• In another embodiment, the service provider requests payment directly from a customer account at a banking or financial institution.
  • In another embodiment, if the service provider is also a customer of the customer that uses the process software application, the payment owed to the service provider is reconciled to the payment owed by the service provider to minimize the transfer of payments.
  • With reference now to FIGS. 9A-B, initiator block 902 begins the On Demand process. A transaction is created than contains the unique customer identification, the requested service type and any service parameters that further specify the type of service (block 904). The transaction is then sent to the main server (block 906). In an On Demand environment the main server can initially be the only server, then as capacity is consumed other servers are added to the On Demand environment.
  • The server central processing unit (CPU) capacities in the On Demand environment are queried (block 90S). The CPU requirement of the transaction is estimated, then the server's available CPU capacity in the On Demand environment are compared to the transaction CPU requirement to see if there is sufficient CPU available capacity in any server to process the transaction (query block 910). If there is not sufficient, server CPU available capacity, then additional server CPU capacity is allocated to process the transaction (block 912). If there was already sufficient available CPU capacity then the transaction is sent to a selected server (block 914).
  • Before executing the transaction, a check is made of the remaining On Demand environment to determine if the environment has sufficient available capacity for processing the transaction. This environment capacity consists of such things as but not limited to network bandwidth, processor memory, storage etc. (block 916). If there is not sufficient available capacity, then capacity will be added to the On Demand environment (block 918). Next the required software to process the transaction is accessed, loaded into memory, then the transaction is executed (block 920).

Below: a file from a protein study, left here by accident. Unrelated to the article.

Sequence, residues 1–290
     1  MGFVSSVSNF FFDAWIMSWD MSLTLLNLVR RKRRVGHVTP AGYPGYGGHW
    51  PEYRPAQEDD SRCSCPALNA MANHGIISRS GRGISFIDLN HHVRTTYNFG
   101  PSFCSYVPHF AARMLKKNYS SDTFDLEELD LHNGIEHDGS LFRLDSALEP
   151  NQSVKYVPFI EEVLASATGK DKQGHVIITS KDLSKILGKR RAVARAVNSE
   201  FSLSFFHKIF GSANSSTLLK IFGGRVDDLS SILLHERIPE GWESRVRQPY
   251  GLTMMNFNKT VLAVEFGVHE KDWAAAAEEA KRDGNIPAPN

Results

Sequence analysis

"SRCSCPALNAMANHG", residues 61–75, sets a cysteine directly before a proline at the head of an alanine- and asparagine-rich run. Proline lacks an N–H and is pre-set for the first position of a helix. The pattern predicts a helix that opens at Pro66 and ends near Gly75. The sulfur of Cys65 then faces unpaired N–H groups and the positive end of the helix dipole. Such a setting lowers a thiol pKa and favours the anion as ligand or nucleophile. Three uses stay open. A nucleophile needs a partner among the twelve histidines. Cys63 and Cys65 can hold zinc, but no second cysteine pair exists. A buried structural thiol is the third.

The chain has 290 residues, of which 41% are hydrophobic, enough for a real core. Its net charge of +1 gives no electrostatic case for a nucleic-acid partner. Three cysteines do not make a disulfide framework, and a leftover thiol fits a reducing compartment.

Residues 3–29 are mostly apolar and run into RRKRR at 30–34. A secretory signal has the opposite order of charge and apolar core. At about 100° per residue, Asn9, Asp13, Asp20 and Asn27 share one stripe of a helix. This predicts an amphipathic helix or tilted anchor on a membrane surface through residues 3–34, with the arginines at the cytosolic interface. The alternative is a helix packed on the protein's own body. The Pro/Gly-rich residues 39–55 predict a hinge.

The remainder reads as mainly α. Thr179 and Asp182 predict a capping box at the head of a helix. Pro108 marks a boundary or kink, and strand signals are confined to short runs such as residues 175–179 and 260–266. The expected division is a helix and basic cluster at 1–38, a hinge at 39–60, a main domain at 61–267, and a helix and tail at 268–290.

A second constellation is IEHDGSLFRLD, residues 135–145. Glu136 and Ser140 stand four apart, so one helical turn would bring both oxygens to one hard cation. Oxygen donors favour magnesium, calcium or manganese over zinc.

• The usage measurements are recorded (block 922). The utilization measurements consist of the portions of those functions in the On Demand environment that are used to process the transaction. The usage of such functions as, but not limited to, network bandwidth, processor memory, storage and CPU cycles are what is recorded. The usage measurements are summed, multiplied by unit costs and then recorded as a charge to the requesting customer (block 924).
  • If the customer has requested that the On Demand costs be posted to a web site (query block 926), then they are posted, (block 928). If the customer has requested that the On Demand costs be sent via e-mail to a customer address (query block 930), then these costs are sent to the customer (block 932). If the customer has requested that the On Demand costs be paid directly from a customer account (query block 934), then payment is received directly from the customer account (block 936). The On Demand process is then exited at terminator block 938.
  • Anchor Stores
  • To review the context of anchors as described above, note that the Internet and corporate intranets are networks that host large information spaces of resources. The most popular format to create and store resources is HTML. Many other formats are also used such as Really Simple Syndication (RSS), proprietary word processing formats, proprietary e-mail and instant messaging formats, etc. A resource (e.g., webpage, text document, e-mail, etc.) is viewed using a special program called a renderer. The renderer for a HTML resource is a web browser, while the renderer for an e-mail document resource is an e-mail document client renderer.